Russia has issued a series of conflicting statements on its oil exports as OPEC struggles to maintain prices during the terrorism crisis and fears of an economic slump. The outcome could determine the course of Russia's own economy.
Boston, 2 October 2001 (RFE/RL) -- Russia may be facing a major economic test as oil prices weaken in the wake of the 11 September attacks on the United States.
A subsequent meeting of the Organization of Petroleum Exporting Countries in Vienna decided to keep production unchanged for fear of tipping economies into recession and further dampening the world demand for oil.
Prices firmed only after Saudi Arabia on 27 September said it would do whatever is needed to prevent a price collapse. Still, prices spent most of the week below OPEC's band of $22 to $28 per barrel, prompting fears that producers could soon suffer the effects of an uncontrolled slide.
The problem may be especially risky for Russia, which has made the most of its observer status in OPEC by boosting production while member nations make cuts to keep prices high. Russia has earned huge profits from the practice, while OPEC producers have been tightening their belts.
In the first seven months of this year, Russia's crude-oil exports jumped 20 percent, giving it an extra $2 billion in revenue, the Interfax news agency reported. In the same period, OPEC nations cut production by 3.5 million barrels per day to prevent prices from falling too far.
Russia has repeatedly pledged cooperation with OPEC policy since the price plunge of 1998, but it has steadily raised its output and exports to fuel its own recovery instead.
But there are signs that OPEC has now had its fill of this practice.
On 29 September, the "Financial Times" reported that, "OPEC is showing increasing exasperation at non-member producers getting a 'free ride' on the back of its efforts to prop up oil prices." The paper quoted Nigeria's senior oil adviser, Rilwanu Lukman, as saying that members "cannot be expected to go on cutting production and reducing market share to have prices from which all producers benefit."
The result of this tension could prove crucial for Russia, which produces more oil than any OPEC country except Saudi Arabia.
In an RFE/RL interview, Julia Nanay, a director of Petroleum Finance Company, a Washington-based consulting group, said: "The Russian budget depends on oil. The lower the price is, the worse it is for them."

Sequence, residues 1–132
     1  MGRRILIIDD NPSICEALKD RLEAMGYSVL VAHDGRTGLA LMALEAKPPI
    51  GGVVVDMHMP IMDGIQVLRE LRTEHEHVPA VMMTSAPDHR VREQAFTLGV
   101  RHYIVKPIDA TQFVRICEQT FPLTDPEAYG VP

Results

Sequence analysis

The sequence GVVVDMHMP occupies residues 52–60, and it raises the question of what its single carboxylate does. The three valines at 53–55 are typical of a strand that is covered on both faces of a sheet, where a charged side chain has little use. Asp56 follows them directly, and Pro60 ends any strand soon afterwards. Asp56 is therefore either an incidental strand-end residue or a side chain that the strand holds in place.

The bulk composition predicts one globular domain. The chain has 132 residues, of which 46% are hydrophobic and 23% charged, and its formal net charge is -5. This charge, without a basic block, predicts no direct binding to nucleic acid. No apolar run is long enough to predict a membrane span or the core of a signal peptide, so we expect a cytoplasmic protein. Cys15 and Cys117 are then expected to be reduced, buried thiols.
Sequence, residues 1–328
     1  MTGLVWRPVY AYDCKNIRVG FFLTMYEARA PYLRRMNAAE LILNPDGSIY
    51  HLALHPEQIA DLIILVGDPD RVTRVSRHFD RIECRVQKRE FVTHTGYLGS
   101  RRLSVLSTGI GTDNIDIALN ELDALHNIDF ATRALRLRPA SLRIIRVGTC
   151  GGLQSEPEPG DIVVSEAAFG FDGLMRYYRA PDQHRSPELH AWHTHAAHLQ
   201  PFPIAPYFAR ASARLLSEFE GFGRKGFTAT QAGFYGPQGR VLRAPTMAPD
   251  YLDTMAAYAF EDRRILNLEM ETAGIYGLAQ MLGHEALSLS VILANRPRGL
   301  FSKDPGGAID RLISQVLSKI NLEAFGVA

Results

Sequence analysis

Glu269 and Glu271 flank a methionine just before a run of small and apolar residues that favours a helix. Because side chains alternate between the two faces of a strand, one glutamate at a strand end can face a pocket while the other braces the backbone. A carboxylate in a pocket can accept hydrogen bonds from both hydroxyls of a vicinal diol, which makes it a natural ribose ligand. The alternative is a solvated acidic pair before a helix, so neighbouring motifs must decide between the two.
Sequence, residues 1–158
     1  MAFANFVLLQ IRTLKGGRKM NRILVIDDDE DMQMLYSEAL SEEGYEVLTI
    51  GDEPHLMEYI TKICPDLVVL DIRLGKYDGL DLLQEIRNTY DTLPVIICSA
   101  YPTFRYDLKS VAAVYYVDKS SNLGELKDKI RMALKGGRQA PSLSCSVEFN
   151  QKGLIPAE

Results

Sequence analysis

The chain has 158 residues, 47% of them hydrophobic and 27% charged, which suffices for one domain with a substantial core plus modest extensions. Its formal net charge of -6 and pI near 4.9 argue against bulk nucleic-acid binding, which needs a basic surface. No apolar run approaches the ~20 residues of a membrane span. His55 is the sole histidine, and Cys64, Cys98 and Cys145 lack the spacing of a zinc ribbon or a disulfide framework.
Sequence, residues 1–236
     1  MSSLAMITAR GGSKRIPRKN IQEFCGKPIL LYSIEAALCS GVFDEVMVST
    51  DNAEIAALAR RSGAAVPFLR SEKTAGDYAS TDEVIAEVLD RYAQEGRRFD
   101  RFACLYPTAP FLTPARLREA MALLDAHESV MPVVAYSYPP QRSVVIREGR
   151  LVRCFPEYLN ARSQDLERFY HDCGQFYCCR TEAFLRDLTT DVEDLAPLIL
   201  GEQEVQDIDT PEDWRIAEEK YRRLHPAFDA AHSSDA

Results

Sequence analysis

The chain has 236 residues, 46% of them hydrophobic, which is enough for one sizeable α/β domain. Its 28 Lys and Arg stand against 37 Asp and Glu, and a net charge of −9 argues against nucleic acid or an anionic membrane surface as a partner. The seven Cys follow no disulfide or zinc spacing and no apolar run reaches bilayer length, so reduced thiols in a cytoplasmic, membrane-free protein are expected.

Early drafts of Russia's 2002 budget were based on oil prices of $17 per barrel for Urals crude, but later versions have included an "optimistic scenario" of $22 per barrel.
Urals crude for delivery to the Mediterranean spent much of the week of 24-28 September around $20 per barrel. It finished on 28 September just 22 cents below the budget target.
In August, Anton Siluanov, head of the Russian Finance Ministry's macroeconomic department, said the government had based its spending on $18 per barrel as a "safeguard," the Reuters news agency reported.
But Finance Minister Alexei Kudrin recently gave assurances that the government was right in assuming that oil prices would remain at $23 per barrel, according to RIA Novosti.
No matter what the assumption, it is far from clear that officials have planned for a drop in both prices and production. An output cut could be unavoidable if world demand suffers a decline.
Russia's Economic Development and Trade Ministry recently forecast that the country's oil exports would grow by 3 percent next year, according to figures reported by Interfax. The ministry also assumed that world prices would range from $24 to $25 per barrel, a level that has already been breached.
The projections suggest that Russia has no plans to cooperate with OPEC, despite its assurances.
Speaking in Vienna, Russian Energy Minister Igor Yusufov said that Russia's growing economy could absorb some of its increasing oil production, the industry newsletter Petroleum Argus reported.
Yusufov said, "We hope that will be reason to reduce Russian exports." The statement seemed to contradict the forecast of the Economic Development and Trade Ministry.
In an apparent contradiction, Deputy Prime Minister Viktor Khristenko announced on 28 September that Russia would cut oil exports to non-CIS countries by 1 million tons in the fourth quarter of this year, the "Moscow Times" reported. But it was unclear that the token decrease, equal to only about 80,000 barrels per day, would keep exports from hitting record levels.
Russia may be betting that the world security crisis will have more effect than its economic troubles, causing oil prices to rise rather than fall. So far, the opposite has been the case.
President Vladimir Putin has offered to use Russia's oil production to offset any problem with supplies. But OPEC's worry is that there may already be too much oil.
Russia seems to be hoping that it can keep on reaping rewards from OPEC's struggles. But its fortunes may quickly follow those of other oil producers if prices fall.